One of my favourite scenes in “This is Spinal Tap” – an iconic spoof “rockumentary” – is when my namesake, lead guitarist Nigel Tuffnell, struggles to explain the competitive edge provided by an amplifier whose volume goes to 11 (and not just 10 like every other amp).
Many leaders (and team members) struggle with the idea of team and individual performance (eg productivity) exceeding 100%. Targeting performance above these levels will be met with a barrage of cynicism and comments such as “How hard are you squeezing the lemon?“, “You can’t get blood out of a stone.” and “Are you flogging them to death?”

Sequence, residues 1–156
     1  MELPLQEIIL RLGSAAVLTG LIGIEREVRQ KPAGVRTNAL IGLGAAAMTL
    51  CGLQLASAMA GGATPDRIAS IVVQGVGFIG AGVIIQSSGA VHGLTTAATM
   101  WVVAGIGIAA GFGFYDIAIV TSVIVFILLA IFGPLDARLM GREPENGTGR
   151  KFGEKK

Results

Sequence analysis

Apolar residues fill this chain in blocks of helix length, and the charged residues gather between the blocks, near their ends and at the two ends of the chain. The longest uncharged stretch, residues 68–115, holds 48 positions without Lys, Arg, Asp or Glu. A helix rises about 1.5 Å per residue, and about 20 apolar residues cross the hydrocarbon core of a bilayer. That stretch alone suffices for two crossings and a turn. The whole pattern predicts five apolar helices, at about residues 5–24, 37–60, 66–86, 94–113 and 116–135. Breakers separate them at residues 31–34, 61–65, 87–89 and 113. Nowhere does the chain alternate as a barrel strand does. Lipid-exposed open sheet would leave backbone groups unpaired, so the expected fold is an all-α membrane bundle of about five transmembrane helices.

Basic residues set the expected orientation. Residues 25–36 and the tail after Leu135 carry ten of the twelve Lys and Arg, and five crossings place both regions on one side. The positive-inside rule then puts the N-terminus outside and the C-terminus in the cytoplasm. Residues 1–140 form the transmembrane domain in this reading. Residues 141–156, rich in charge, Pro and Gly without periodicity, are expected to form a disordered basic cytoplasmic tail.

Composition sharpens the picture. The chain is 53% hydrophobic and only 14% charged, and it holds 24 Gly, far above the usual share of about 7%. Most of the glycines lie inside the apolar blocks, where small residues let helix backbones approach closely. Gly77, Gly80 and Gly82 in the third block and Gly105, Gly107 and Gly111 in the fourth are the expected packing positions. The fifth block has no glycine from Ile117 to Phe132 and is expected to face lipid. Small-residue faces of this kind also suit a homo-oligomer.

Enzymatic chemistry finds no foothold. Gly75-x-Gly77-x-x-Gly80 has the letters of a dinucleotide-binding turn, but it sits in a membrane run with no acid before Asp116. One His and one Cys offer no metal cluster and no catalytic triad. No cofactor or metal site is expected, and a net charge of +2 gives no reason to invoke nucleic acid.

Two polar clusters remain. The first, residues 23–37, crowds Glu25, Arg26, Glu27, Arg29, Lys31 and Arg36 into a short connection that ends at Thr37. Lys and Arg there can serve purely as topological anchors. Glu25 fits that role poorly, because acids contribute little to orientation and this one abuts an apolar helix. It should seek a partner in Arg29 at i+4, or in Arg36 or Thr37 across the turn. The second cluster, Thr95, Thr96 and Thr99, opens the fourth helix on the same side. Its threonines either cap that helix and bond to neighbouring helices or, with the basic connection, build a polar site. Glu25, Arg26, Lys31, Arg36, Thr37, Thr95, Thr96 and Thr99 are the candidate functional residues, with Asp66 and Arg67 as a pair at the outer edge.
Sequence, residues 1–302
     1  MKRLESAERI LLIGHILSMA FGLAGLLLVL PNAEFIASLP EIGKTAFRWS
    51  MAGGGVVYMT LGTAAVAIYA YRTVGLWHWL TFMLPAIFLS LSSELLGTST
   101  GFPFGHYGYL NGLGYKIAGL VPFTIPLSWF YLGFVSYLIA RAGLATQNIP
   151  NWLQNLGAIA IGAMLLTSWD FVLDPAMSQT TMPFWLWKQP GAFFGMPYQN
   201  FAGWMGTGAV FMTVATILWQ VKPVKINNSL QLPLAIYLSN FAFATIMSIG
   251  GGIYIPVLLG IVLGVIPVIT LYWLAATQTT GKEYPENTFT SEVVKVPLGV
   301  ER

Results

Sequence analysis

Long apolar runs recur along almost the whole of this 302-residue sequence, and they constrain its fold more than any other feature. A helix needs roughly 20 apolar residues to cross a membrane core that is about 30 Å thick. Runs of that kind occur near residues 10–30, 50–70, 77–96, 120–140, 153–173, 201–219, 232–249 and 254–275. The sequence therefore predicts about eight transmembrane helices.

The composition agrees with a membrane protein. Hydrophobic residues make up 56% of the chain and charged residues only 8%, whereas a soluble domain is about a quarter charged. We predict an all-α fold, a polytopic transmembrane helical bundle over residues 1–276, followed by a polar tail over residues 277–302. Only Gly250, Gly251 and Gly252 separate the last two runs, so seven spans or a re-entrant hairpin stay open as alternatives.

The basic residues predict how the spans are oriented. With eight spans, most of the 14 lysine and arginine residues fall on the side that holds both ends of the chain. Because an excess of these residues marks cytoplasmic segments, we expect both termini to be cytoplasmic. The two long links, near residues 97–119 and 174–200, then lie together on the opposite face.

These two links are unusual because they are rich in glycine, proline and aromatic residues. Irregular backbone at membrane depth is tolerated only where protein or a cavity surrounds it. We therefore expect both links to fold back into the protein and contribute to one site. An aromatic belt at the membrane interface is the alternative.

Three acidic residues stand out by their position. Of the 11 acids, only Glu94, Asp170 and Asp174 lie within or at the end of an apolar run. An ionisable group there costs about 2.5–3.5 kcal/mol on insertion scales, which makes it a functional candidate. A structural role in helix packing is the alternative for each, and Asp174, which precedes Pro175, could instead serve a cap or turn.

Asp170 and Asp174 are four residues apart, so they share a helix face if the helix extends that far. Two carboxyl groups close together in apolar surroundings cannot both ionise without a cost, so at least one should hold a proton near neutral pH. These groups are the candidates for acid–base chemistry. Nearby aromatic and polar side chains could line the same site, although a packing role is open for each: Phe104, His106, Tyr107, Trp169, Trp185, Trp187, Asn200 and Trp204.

There are two quite separate issues here: one is technical and the other is behavioural. I recognise that readers may be more interested in the people/behavioural aspect and I would cover that issue first, but it does help to have at least a basic understanding of the technical issue. So I’ll cover the technical issue here and the behavioural one in a subsequent post.
The Pointy Headed Stuff
People tend to use the terms ‘productivity’ and ‘efficiency’ interchangeably. While closely connected, they are not the same thing.
In simple terms, productivity is about how much value added output you get per unit of input e.g. customer enquiries resolved per person per day, whereas efficiency focuses on how long it takes to produce those outcomes relative to how long it was expected to take. Efficiency is usually represented as a percentage (actual/ expected x 100%).
I’ll share an anecdote first to highlight why it is important to understand the difference between these two terms.